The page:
A Slave of God?

A Sermon Preached on the First Sunday of Advent
November 28, 2021, at 11:00 am
at The Anglican Church of St. Thomas the Apostle, Kefalas, Crete.
The sermon was interrupted by a stray dog just as I was reaching the conclusion.

This is not the Advent Retreat with the Poems of George Herbert – that starts tomorrow, Monday November 29, 2021!

The readings we used were from Wilda Gafny’s A Woman’s Lectionary for the Whole Church, Year W: A Multi-Gospel Single-Year Lectionary (New York NY: Church House Publishing, 2021). They were Genesis 16.7-13, Psalm 71.4-11, Philippians 2.5-11, and Luke 1.26-38.

Annunciation (1980) by Raphael Soyer

Annunciations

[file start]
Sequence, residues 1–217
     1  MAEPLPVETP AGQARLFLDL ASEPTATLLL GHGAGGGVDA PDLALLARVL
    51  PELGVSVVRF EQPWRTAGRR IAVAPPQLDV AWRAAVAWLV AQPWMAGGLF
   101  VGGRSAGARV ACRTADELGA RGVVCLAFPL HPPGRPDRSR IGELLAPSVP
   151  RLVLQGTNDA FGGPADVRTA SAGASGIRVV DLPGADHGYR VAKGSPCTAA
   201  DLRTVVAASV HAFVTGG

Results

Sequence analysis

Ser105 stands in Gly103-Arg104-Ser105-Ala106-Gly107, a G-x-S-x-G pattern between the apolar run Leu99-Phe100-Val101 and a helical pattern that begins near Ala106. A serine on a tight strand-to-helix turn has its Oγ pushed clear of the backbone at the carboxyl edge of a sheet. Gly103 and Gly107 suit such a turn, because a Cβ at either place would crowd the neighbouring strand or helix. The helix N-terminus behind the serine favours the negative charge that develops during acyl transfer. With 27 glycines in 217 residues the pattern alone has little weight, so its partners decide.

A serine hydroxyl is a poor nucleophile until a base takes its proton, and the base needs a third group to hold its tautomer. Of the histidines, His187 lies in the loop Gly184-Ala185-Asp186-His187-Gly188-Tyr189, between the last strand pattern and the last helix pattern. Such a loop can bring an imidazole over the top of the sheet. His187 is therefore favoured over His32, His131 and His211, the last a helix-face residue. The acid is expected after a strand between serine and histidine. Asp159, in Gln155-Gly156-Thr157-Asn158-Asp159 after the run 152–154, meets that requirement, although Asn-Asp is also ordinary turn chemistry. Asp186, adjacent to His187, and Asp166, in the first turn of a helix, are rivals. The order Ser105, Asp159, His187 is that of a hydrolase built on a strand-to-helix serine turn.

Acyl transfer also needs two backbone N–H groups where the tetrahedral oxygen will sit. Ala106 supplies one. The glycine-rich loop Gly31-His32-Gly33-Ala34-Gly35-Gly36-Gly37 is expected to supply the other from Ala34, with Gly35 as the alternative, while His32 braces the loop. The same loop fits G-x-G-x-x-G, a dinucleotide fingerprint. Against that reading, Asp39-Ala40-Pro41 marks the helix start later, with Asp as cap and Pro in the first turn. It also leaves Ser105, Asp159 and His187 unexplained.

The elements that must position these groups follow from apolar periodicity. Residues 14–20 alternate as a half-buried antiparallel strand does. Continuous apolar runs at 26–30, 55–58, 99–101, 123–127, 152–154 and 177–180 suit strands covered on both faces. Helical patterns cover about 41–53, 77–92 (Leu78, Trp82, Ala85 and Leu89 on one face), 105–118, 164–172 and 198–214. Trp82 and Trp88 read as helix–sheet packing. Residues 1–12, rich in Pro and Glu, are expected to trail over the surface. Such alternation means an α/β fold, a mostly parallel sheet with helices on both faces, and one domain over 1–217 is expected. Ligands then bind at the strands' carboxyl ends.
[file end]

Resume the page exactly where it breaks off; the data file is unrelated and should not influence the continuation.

Over the next few Sundays we will be looking at annunciations – situations in which God speaks to human beings. The Annunciation par excellance is that of the Angel Gabriel to Mary, who is told that she is to become Theotokos, the Mother of God. But with the lectionary we are using starting this Sunday we hear of other annunciations, and this week it is the annunciation to Hagar. Hagar is the slave of Sarah, the wife of Abraham. Abraham, as was normal for his time, takes his wife’s slave as a concubine. Whether Hagar agreed or not we are not told; by today’s standards, a slave cannot give meaningful consent, given the power differential between a master and a slave. Hagar conceives the child who, when born, is Abraham’s eldest child Ishmael. Sarah has not conceived, and in the patriarchal society of the day, this is an embarrassment and was frequently seen as the disfavour of the gods, or, in this case, YHWH. Slaves, like survivors everywhere, are not above taking advantage of new situations, and to Sarah it seems that she is exalting herself over her mistress because she has given Abraham a son and Sarah has not. So Sarah abuses her, and Hagar runs away. And then God speaks to her. God asks her to go back to her abusive mistress – perhaps so that she can give birth safely and have this strong child, who becomes the ancestor of the Arabian people.